Harrison Ford gets age reduction for Indiana Jones 5, swears it won’t be bad

Digitally aging actors must be a compelling proposition for a studio. Not only can you tap into the nostalgia of generations, but you can also bypass the backlash when reprising a beloved character. All would be better if, as in the new new Indiana Jones movie, it’s only for one scene. That way, you can provide the kind of connective tissue needed to legitimize a new sequel—especially a sequel made 41 years after the first.

The latest details about the film in development surfaced on Monday as part of Empire magazine storyrevealed a few facts about the new movie’s prologue, including the fact that it will age down Harrison Ford star with his age in the original trilogy.

According to director James Mangold (Logan), the film’s opening will be set in 1944 in a Nazi-infested castle as Indy goes on all sorts of adventures to be free. And, supposedly, he’ll make all this look like his ex Raiders of the Lost Ark itself, though that remains to be seen.

After all, Disney, the company that produced this movie under 20th Century Pictures, has a complicated history of aging and is responsible for some of the weirdest and most jarring uses it has ever seen. have so far. Famously, the company recreated Peter Cushing Grand Moff Tarkin and Carrie Fisher as Princess Leiawith unintentionally weird and somewhat horrifying results, for Rogue One: A Star Wars Story. The series also faced mixed results with digitally de-aged Luke Skywalker in Palestinianspulled the actor’s voice back through the decades until 1983.

But perhaps the most notorious de-aging belongs to Netflix, not Disney. That studio is only responsible for Martin Scorsese’s Irish, in which it recreates Robert de Niro, Joe Pesci, and Al Pacino across a film story spanning several decades with diametrically opposite outcomes.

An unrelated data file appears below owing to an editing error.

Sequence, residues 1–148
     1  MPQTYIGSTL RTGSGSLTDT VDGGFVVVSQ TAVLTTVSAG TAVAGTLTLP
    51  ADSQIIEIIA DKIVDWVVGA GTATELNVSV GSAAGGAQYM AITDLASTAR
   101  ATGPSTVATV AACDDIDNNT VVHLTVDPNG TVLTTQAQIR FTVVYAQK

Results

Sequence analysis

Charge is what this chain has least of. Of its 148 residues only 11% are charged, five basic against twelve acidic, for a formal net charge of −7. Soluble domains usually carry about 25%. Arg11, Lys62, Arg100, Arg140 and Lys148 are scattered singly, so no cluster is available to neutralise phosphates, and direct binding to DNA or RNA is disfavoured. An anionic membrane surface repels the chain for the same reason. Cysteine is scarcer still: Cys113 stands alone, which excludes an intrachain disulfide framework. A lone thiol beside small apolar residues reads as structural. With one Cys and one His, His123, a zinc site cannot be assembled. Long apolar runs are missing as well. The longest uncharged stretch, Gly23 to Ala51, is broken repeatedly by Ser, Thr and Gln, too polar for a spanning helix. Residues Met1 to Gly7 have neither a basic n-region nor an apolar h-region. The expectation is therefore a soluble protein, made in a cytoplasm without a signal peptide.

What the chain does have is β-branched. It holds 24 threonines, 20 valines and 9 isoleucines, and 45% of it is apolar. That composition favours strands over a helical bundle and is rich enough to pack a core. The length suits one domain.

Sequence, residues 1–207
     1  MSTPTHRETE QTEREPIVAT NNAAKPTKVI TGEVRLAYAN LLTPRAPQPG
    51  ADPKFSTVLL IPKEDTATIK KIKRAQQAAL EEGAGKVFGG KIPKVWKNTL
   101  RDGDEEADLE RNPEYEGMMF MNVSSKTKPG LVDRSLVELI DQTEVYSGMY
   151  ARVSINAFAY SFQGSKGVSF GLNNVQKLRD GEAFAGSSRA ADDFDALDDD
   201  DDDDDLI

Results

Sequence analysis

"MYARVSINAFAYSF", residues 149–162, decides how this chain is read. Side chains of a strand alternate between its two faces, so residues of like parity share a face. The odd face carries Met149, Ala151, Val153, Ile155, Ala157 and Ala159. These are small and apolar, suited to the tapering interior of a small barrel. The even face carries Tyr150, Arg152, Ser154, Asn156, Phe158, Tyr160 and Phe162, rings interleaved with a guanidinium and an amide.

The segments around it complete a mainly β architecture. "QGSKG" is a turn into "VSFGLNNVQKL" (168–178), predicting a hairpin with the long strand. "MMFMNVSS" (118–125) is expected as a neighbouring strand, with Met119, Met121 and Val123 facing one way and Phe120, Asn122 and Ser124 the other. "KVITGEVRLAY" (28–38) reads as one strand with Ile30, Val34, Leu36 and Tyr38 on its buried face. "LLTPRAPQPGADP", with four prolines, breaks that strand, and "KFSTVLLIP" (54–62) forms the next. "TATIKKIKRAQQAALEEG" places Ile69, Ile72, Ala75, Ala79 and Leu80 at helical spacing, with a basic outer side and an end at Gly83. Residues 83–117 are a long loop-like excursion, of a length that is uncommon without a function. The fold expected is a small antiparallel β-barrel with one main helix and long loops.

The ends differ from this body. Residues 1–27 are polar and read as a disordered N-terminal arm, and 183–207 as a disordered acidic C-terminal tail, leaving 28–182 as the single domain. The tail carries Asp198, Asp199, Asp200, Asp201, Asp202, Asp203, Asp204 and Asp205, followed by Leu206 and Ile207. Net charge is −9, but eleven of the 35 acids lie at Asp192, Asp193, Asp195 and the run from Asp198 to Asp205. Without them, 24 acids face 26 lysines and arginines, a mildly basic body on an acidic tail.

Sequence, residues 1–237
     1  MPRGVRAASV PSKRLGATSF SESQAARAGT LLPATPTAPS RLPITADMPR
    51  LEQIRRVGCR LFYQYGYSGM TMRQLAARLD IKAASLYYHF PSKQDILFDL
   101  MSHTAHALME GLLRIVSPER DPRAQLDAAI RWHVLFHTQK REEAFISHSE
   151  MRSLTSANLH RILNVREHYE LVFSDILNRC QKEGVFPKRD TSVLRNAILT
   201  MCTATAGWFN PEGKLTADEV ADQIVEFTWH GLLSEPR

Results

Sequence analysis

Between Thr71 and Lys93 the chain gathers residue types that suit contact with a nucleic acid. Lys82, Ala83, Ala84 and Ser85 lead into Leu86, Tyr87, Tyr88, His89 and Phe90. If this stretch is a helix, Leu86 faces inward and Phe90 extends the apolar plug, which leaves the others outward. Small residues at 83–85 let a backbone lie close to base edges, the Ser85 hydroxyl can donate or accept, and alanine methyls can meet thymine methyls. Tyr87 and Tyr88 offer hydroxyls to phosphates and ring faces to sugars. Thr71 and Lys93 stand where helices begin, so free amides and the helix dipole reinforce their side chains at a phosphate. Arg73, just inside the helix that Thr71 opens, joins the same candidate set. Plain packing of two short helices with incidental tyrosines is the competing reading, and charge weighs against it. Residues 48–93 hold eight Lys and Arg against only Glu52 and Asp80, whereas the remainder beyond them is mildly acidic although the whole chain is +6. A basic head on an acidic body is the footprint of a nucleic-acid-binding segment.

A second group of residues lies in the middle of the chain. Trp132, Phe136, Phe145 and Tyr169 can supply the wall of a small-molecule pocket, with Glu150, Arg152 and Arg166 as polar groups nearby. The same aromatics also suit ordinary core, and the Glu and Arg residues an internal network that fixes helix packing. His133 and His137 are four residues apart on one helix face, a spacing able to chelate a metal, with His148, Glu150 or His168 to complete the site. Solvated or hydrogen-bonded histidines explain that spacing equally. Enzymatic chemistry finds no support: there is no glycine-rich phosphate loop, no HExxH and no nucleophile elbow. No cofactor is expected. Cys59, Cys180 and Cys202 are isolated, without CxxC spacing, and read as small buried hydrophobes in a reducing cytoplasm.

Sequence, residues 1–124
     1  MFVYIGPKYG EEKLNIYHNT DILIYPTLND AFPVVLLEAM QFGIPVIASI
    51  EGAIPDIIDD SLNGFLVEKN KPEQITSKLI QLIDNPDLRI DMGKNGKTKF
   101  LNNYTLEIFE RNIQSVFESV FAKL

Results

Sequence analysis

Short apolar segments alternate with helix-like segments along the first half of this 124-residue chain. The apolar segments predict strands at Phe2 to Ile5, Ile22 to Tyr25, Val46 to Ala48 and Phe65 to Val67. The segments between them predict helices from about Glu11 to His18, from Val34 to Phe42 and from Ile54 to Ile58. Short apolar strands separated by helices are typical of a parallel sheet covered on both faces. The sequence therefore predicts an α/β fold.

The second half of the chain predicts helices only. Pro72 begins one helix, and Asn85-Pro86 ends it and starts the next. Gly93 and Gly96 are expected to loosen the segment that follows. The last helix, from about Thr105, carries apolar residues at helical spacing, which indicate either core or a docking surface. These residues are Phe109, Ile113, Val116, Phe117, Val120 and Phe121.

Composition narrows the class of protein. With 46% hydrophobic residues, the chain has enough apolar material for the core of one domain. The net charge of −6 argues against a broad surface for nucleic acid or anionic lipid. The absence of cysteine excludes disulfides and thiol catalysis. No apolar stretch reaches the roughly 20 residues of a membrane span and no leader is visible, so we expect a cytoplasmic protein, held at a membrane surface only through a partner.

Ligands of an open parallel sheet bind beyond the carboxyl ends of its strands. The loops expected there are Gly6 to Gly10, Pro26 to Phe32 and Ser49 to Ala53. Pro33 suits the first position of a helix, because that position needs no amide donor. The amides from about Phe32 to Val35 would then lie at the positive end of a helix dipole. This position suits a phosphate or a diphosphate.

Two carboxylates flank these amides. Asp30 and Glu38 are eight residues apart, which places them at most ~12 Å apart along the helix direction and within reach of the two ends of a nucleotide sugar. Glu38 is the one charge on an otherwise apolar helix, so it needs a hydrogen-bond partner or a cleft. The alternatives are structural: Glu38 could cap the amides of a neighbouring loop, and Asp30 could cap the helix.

To help avoid any of these problems, Mangold worked with visual effects studio Industrial Light and Magic to work on new software that aggregated a series of archival footage of young Ford himself and matched it. with new footage, combining the two into what the team hopes to achieve. Seamless look.

Indiana Jones 5 producer Kathleen Kennedy, who also produces all of the aforementioned Star Wars properties, is optimistic about some of the new techniques that have emerged since digital de-aging first made a major foray into cinema.

“My hope is, even though it’s going to be technologically speaking, you just have to watch it and say, ‘Oh my God, they just found the footage. This is something they shot 40 years ago,'” Kennedy told Empire.

Famous for being grumpy Ford also shares some of Kennedy’s optimism. The actor told Empire: “This is the first time I see it in a place that I trust. And while he’s certainly obligated to say nice things about the movie, it’s worth remembering that of all the series he’s worked on, Ford has never been shy about calling Indy his favorite character. , or about the desire to return to it. And a lot of love for the franchise must be worth something, so maybe Ford wouldn’t have gotten into the de-aging process if he didn’t really think it worked.

Whatever the end result, we’ll have to wait until the first footage of the film is released to see for ourselves, or possibly until the final release date of June 30.

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